I have now come to a proud moment in my blog - the moment where I can reference my own posts. I'm going back to my gamebook player types post. I think I can improve upon my classification, especially the puzzle solver, which I didn't like as I thought its definition was a bit too narrow.
So I'm going to try to refine my gamebook player types.
Also, there are plenty of gamebooks that are not entirely devoted to one player type. Some gamebooks have strategic combat and a good storyline, for example.
Also, whilst gamebook players may have a preference on their play style, it may change, depending on their mood.
What does an explorer want? The explorer wants to see what happens when they make different choices.
How does an explorer decide what to do?: Explorers generally pick options that they have not tried before. Explorers are also the people who think the lease about their choices, doing them purely to see what will happen.
How would you appeal to an explorer? Fabled Lands is the quintessential explorer's book. Choices in explorer books involve deciding which places to go. Each location will have a set piece. Some explorer books make a good use of maps with paragraph numbers on them to help with this.
How do I know if I am an explorer/in an explorer mood? I know if I am in an explorer mood if I want to try something that I have not done before. I also make choices that seem dangerous or illogical just out of curiosity. Basically, I stop thinking about my choices and just choose with a completely open mind.
Puzzle solver which I will now call the Strategist
The puzzle solver was the player type I felt least happy with as the idea of puzzles in gamebooks sounded a bit narrow. There are plenty of gamebooks with no puzzles, such as Choose Your Own Adventure books and even some dice based books. I did mention that battle tactics came under this, but I think that battle tactics are a bigger part of gamebooks than puzzles so I will widen this out to call the gamebook player type the strategist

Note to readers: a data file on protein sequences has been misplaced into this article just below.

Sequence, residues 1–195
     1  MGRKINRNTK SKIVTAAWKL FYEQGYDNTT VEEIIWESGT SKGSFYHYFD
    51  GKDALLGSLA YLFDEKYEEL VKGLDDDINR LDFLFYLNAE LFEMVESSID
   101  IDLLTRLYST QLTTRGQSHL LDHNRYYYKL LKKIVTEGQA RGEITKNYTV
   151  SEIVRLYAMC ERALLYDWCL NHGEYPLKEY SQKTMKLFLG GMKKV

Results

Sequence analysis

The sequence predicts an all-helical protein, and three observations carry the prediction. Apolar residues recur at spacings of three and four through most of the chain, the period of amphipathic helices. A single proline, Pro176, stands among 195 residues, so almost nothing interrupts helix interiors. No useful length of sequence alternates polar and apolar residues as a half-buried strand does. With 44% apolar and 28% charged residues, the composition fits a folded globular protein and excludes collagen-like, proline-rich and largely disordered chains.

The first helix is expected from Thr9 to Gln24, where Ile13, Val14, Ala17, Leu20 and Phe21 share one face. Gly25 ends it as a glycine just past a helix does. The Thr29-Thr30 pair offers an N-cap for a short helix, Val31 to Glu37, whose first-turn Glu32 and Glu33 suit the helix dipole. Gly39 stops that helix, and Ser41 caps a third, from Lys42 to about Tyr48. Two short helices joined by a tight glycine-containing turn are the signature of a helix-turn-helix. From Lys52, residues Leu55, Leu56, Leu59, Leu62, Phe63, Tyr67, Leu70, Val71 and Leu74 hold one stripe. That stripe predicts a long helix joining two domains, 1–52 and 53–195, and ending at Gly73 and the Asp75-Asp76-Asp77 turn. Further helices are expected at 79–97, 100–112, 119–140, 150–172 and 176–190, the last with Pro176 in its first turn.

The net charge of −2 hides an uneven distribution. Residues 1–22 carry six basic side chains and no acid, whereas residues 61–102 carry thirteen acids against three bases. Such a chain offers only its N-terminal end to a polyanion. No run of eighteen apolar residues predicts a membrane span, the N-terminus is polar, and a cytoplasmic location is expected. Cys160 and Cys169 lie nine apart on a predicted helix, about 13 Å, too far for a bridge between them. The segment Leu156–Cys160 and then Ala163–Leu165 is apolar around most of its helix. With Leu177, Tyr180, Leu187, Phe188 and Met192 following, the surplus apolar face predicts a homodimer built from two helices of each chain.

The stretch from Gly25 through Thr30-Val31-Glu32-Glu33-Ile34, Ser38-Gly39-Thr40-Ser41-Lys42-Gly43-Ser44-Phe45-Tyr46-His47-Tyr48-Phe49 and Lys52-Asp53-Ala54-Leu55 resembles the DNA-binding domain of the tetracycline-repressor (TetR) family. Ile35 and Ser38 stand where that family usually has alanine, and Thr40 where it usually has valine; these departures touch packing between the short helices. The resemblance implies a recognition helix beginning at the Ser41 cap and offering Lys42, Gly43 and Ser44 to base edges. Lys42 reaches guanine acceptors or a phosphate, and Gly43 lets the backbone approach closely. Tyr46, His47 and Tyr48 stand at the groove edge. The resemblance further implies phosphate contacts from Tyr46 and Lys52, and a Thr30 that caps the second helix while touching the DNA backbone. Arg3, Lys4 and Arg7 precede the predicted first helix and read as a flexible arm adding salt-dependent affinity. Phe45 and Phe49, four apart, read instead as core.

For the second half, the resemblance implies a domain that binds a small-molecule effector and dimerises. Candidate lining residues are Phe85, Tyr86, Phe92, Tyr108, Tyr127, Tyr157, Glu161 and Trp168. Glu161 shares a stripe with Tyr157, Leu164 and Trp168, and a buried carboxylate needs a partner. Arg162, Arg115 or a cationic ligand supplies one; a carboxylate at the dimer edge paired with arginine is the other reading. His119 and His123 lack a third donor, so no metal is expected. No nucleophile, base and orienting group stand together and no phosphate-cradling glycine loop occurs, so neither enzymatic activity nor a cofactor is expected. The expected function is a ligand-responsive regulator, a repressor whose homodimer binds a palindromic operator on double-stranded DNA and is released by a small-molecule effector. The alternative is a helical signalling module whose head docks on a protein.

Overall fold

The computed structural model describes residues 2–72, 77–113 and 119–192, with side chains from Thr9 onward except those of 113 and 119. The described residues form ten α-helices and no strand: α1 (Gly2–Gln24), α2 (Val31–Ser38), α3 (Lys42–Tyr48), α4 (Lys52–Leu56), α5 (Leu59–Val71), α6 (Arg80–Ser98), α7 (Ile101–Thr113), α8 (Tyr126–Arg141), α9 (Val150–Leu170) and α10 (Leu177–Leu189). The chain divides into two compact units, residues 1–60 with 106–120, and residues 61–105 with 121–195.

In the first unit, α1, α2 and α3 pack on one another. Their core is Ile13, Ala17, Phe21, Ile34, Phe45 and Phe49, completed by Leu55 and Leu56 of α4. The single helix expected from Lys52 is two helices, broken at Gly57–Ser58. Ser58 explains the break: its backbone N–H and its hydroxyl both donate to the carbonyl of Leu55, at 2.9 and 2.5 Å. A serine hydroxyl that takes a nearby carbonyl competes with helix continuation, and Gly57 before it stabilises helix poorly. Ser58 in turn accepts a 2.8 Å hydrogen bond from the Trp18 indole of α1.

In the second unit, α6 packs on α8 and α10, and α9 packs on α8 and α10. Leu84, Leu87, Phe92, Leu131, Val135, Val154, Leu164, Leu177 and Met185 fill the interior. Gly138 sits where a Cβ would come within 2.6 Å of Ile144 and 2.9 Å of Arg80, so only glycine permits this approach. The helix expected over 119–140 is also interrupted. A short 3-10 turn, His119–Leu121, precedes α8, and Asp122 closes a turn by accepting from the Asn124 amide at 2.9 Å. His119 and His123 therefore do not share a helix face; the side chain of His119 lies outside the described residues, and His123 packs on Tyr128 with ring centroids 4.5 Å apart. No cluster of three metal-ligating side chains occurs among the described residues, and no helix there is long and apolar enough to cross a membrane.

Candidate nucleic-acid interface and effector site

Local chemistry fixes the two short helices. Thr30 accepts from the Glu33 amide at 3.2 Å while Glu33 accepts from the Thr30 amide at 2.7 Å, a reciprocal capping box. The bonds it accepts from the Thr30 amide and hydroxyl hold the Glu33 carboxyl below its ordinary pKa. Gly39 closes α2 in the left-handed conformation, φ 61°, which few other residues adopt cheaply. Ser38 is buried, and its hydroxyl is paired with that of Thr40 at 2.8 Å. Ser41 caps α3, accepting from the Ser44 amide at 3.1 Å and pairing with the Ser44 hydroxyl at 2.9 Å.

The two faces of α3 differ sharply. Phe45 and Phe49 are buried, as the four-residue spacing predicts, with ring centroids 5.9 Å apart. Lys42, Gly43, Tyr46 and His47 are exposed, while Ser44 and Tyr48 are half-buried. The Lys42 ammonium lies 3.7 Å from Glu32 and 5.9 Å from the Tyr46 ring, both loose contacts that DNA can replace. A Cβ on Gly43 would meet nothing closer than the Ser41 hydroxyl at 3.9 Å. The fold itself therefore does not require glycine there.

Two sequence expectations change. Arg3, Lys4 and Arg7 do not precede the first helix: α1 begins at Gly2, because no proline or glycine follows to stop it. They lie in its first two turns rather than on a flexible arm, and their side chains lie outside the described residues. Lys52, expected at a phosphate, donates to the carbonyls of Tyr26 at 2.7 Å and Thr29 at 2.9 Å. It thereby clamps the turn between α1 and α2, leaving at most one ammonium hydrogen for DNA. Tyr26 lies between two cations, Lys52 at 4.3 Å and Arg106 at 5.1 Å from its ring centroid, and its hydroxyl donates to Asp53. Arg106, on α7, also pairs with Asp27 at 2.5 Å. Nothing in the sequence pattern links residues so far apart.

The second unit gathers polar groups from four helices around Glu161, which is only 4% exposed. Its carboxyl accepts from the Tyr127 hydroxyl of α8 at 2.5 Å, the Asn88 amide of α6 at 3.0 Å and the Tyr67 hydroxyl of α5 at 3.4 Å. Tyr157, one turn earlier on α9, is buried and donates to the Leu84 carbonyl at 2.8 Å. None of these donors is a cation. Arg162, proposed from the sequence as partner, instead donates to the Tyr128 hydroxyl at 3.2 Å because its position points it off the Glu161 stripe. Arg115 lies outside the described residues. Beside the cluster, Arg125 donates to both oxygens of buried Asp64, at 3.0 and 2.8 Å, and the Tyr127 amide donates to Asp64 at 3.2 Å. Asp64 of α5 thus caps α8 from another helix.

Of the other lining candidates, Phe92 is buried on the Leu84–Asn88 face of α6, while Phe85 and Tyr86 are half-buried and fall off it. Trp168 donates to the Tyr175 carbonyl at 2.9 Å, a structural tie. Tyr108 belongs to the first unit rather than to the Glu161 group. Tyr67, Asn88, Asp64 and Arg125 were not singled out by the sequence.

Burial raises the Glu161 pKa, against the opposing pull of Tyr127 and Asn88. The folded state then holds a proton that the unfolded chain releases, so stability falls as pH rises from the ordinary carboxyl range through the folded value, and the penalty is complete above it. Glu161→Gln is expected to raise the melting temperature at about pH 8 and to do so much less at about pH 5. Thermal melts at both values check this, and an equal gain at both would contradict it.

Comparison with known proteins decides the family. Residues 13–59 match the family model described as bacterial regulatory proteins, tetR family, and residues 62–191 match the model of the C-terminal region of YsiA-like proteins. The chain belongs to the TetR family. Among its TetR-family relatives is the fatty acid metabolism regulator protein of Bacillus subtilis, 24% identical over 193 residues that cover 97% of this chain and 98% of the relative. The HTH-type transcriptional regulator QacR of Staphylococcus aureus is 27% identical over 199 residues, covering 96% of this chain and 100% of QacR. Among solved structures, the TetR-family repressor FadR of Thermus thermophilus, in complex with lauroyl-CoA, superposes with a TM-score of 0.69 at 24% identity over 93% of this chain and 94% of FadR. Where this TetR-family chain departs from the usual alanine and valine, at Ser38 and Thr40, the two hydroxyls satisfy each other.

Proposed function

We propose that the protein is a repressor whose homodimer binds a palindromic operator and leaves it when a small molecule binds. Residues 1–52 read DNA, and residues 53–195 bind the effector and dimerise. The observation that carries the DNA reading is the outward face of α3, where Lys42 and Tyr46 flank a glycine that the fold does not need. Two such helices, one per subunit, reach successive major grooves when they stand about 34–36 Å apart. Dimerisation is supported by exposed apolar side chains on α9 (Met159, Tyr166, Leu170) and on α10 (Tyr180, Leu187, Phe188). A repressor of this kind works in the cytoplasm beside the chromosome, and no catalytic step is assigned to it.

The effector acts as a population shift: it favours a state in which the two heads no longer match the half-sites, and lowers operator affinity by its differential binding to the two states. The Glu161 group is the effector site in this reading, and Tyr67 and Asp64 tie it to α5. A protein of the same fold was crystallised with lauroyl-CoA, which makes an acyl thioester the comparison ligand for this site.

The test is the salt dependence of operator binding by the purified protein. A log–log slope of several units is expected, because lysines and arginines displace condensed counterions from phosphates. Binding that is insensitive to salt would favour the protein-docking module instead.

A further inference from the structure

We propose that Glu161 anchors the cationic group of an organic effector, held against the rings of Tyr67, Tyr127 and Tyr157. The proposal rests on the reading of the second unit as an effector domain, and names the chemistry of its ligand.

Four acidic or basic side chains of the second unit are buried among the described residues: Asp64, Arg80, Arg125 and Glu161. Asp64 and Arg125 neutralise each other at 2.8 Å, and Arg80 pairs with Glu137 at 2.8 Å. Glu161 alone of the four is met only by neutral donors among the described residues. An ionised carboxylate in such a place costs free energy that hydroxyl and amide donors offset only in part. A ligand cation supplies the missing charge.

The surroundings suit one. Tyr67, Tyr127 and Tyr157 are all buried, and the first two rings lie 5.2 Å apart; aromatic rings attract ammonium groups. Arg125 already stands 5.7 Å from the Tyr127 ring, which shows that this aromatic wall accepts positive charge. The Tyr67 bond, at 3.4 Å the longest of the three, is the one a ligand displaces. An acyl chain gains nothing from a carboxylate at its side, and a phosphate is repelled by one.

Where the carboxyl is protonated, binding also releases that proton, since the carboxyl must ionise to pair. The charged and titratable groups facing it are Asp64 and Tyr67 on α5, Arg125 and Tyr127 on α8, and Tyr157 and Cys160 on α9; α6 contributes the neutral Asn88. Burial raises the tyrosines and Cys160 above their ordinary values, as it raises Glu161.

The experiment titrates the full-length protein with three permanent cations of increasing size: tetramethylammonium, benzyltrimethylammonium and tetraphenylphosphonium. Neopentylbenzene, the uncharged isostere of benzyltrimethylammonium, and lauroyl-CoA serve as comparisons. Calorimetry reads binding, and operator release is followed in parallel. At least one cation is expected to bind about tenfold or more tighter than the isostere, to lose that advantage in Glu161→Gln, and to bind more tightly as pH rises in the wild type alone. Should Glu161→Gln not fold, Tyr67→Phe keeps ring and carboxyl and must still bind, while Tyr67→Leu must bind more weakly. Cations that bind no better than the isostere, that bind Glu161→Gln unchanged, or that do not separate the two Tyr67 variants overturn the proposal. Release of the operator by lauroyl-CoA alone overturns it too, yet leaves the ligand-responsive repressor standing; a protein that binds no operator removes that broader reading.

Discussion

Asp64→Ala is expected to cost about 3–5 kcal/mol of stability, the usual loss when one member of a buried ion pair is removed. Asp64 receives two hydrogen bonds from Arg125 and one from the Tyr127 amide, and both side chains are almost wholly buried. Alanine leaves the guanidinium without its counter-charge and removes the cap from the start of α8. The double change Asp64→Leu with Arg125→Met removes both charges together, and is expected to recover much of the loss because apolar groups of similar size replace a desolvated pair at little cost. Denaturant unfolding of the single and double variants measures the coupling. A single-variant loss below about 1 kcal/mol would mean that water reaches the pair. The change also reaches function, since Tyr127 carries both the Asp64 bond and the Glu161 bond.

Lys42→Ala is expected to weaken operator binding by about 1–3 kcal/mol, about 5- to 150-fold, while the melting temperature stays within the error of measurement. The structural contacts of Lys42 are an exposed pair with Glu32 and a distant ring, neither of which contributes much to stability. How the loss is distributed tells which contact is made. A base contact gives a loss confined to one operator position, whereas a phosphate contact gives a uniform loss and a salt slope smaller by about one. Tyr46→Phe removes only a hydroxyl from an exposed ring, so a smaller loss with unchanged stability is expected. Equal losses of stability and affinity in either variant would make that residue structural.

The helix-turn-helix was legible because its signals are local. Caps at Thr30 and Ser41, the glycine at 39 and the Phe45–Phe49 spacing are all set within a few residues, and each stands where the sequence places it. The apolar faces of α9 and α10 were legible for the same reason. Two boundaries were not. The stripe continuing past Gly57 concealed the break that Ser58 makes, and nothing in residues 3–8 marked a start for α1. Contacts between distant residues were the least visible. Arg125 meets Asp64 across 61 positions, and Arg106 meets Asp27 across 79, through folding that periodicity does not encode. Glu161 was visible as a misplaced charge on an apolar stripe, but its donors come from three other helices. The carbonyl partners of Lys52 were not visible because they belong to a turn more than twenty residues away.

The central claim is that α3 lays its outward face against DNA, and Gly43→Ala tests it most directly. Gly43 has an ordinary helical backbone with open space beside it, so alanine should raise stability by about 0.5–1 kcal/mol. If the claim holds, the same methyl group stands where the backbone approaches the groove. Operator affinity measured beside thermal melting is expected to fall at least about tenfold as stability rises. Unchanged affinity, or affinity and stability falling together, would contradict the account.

This article which I found on Grey Wiz's blog sums it up nicely. It talks about the difference between a puzzle and a problem. To quote it (from the top of page 3):
'What’s the difference? With a puzzle, the challenge is working out how the designer wants you to solve it. A problem is something that you solve on your own. A problem can have consequences, and ones that are all the more effective because they were your solution.'
What does a strategist want?: A strategist wants to work out the best way of overcoming a situation which can be overcome by using the information provided. This could be a classic puzzle or a combat where you are allowed to make choices about what strategy you could employ which will lead to certain consequences or manipulate the die rolls in a certain way. Books where your decisions affect just the narrative would not appeal to strategists unless there were some clues in the text to help your decisions.